I think you left Gibbs out in your list of left footed Gunners 🙂

  • Dec

    Fascinating topic Tim, certainly thought provoking stuff.
    I’d suggest that there’s not a position on the pitch where judging multiple angles, assessing comparative speeds of several players in relation to the ball and your current/achievable position and the speed/swerve on the specific type of ball in the prevailing conditions is more vital than that of goalkeeper. When you consider the processing that the brain does in a fraction of a second it is startling.
    That Petr is left orientated may give him a slight benefit in reacting correctly. It’s the infinite number of variables involved that makes football so wonderful.

    Football focus the other day had a story about how he learns the languages of his defenders in order to communicate more directly with them individually, talk about commitment and fine margins!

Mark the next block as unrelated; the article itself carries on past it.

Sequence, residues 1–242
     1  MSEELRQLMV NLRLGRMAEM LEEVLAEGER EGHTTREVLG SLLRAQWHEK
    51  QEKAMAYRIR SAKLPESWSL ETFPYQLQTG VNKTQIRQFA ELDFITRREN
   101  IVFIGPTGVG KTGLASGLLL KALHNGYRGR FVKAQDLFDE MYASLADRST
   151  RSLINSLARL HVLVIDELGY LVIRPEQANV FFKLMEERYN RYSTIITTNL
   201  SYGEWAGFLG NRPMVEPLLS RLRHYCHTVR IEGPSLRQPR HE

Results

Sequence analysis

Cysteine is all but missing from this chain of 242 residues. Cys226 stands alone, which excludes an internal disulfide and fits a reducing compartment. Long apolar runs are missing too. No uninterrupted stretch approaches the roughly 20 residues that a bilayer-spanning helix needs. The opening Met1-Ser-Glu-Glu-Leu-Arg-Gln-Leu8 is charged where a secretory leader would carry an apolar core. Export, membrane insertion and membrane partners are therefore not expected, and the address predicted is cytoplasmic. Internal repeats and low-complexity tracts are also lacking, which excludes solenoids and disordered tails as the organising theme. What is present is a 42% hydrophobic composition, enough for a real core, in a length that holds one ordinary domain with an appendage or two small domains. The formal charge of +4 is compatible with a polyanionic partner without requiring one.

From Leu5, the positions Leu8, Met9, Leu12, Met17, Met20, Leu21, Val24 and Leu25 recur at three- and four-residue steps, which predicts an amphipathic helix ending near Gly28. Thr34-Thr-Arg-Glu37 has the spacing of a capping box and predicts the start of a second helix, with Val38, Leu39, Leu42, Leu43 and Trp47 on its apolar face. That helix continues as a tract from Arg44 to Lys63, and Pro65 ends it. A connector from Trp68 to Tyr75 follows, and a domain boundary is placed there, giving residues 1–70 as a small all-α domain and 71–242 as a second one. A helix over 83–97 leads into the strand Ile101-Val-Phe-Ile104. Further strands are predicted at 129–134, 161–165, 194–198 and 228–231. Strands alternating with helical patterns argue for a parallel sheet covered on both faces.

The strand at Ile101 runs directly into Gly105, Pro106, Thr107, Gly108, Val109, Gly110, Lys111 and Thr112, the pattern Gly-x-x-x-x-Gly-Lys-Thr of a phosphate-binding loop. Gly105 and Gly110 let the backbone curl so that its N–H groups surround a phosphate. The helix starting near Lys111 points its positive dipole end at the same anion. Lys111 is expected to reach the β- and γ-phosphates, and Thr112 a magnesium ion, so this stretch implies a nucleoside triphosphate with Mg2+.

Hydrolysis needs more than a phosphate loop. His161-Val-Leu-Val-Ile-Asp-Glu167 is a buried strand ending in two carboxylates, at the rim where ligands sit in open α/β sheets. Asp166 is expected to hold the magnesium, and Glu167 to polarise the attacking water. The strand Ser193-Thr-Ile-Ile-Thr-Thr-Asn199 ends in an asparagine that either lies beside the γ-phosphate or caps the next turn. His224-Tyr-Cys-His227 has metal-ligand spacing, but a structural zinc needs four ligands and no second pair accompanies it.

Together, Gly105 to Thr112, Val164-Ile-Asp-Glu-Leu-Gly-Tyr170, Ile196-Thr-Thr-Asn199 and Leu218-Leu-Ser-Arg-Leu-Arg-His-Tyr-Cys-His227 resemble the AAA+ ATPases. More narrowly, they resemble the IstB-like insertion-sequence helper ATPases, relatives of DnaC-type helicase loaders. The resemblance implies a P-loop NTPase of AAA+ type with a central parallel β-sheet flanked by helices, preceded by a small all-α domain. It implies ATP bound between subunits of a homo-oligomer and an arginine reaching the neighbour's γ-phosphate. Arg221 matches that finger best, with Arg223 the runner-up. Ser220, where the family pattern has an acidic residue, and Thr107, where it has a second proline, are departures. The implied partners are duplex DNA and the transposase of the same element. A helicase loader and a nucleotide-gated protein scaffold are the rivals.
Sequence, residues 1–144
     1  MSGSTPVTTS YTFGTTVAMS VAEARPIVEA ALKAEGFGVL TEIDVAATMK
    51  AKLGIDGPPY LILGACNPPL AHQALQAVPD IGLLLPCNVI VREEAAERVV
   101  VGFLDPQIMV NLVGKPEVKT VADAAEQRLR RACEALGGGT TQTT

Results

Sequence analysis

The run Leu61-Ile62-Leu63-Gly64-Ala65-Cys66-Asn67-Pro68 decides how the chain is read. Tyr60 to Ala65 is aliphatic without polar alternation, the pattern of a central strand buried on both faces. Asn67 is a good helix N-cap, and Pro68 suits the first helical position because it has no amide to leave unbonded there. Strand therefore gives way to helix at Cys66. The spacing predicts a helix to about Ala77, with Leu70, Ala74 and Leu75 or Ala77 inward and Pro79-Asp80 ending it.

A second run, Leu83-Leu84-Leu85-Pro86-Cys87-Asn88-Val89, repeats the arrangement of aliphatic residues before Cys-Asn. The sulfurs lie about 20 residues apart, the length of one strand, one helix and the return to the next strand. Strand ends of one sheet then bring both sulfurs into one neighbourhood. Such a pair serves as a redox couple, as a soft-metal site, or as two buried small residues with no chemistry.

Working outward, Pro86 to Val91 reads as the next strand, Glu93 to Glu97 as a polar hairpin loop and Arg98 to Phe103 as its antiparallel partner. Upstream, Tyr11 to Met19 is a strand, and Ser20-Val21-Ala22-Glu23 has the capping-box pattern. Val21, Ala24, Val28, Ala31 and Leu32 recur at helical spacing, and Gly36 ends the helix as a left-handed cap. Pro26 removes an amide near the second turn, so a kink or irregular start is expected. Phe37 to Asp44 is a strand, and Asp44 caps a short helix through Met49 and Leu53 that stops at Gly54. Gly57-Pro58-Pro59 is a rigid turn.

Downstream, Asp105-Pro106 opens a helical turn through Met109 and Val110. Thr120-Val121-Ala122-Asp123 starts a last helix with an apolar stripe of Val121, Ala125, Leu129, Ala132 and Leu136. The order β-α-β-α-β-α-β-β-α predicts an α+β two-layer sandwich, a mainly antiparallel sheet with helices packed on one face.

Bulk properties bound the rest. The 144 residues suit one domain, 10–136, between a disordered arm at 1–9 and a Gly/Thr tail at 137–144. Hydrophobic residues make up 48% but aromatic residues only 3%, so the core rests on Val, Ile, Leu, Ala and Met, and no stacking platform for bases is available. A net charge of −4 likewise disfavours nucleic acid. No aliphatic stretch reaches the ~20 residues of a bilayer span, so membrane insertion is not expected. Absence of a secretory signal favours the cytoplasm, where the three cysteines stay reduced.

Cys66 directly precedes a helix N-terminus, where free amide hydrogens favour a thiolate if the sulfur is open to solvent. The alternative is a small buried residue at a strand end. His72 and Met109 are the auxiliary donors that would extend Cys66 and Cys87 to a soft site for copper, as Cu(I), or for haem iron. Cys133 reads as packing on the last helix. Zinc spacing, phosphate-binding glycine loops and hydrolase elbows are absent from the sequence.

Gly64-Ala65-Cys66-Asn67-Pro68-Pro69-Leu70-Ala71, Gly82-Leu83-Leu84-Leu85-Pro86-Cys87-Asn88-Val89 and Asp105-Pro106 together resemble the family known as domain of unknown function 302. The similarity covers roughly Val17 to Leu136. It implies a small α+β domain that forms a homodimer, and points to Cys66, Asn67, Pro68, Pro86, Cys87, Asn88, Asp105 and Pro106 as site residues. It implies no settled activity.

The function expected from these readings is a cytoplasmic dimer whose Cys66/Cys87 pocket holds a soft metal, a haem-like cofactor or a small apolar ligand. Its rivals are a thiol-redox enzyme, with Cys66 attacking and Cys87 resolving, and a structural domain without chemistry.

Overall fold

Maybe we should sign a non English speaking Welsh or Irish defender, just to challenge him a bit? 🙂

  • goonersince72

    Excellent observation! But then what is an opponent to do when he faces Santi Cazorla who is equally adept with either foot? Not much,lol. Watching Santi weave his way out of trouble, moving the ball from foot to foot is one of the the joys of watching AFC. How often to we see players miss an opportunity by trying to get the ball onto his stronger foot? Too many. Thanks for a great read.

  • Mandy Dodd

    Another fascinating read Tim. Learn new stuff every day, didn’t know that about those cricketers.
    Left siders are also more likely to possess genius, or so I have heard

  • Pete

    Wilshere also.